Jim Groom’s experiment with Domain of One’s Own crosses my RSS feeds and Twitter stream regularly. I agree with the empowerment of students to create their own spaces on the web, but I find myself wondering if it is a good idea to set people free to create stuff on the Internet without first educating them about what they are doing, what the risks are, and how to mitigate for various risks? I don’t mean to discourage, but I also don’t think owning and managing one’s own domain is for everyone. Personally, I’m a rather tech savvy person, but I still have my system support person (my loving husband) to help me out. Even with the high priced help, we sometimes run into trouble.
In the seven years I’ve hosted my own domain, I’ve been hacked twice. I’m just a blogger and an open educator! None of my sites contain commercial information or anything that is of monetary value. My sites are also not particularly popular – sure I get 100 hits per day, which is pretty cool, but that doesn’t justify an attack. My point is, that this still happens. Before investing significant time and effort into creating your own space on the web, you might want to consider how it will be backed up, and how you will manage or mitigate an attack.
The tools are now available to make it relatively easy to deploy your own website / blog on your own domain. However, just because you can, doesn’t mean you should. If you don’t have enough of a tech background to recover from a hack or a server crash, you might want to consider a managed host solution – where you have the support folks ready to help if (or when) you run into trouble.
Don’t get me wrong, Jim’s keynote at the MRI conference regarding a Domain of One’s Own, inspired me to have my students create websites or blogs. I think the message of ‘creating a space that you control’ is a good message. I just don’t think that you need to be ‘sys admin’ of your own site. Regardless of the topic, the ability to create and broadcast something on the web is a valuable skill to have. But, I do not recommend that my students host their own domains – not unless they are particularly tech savvy and are willing to take on that challenge. There are lots of great ways to get free space on the web. WordPress.com, Blogger.com, Wix.com are great examples. Students can learn the tools to create content on the web, and learn how to backup their own content someplace they control, they can even purchase their own domain name, without the need to host or manage their own domain.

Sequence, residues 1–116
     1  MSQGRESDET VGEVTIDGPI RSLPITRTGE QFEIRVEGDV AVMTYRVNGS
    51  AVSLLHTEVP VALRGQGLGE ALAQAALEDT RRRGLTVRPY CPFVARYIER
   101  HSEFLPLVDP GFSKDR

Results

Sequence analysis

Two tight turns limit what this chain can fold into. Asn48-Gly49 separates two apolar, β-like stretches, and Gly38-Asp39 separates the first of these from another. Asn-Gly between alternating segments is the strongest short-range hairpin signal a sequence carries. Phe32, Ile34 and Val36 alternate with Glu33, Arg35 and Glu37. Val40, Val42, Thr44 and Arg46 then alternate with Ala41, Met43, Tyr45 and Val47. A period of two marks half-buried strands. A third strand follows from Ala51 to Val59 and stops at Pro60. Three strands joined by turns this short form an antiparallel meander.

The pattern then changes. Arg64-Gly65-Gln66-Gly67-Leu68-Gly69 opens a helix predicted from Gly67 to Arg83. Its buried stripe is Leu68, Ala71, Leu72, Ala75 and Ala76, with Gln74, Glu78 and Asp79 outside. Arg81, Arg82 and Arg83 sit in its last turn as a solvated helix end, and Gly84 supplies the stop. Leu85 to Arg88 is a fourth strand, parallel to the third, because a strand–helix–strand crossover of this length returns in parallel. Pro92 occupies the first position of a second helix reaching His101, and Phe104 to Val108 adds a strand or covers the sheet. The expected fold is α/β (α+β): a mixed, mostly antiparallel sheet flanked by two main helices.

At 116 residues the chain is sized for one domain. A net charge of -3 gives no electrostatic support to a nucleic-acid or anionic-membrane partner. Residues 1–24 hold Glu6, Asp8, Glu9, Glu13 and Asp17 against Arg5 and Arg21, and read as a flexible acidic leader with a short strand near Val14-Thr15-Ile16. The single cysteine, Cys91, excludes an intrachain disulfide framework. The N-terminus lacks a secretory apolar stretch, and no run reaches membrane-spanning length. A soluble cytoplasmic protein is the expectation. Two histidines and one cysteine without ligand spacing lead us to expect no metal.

I’m afraid that encouraging people to create and manage their own domains will lead to them getting burnt when something happens to those domains, because we failed to teach the essential skills behind system administration. And frankly, the learners in various fields don’t really care about system administration. They just want something that works – and they don’t want to worry about how to manage security or privacy. They don’t want to worry about how or where to backup and restore their information. Sometimes it just makes sense to leave the ‘sys admin’ of one’s domain up to the professionals.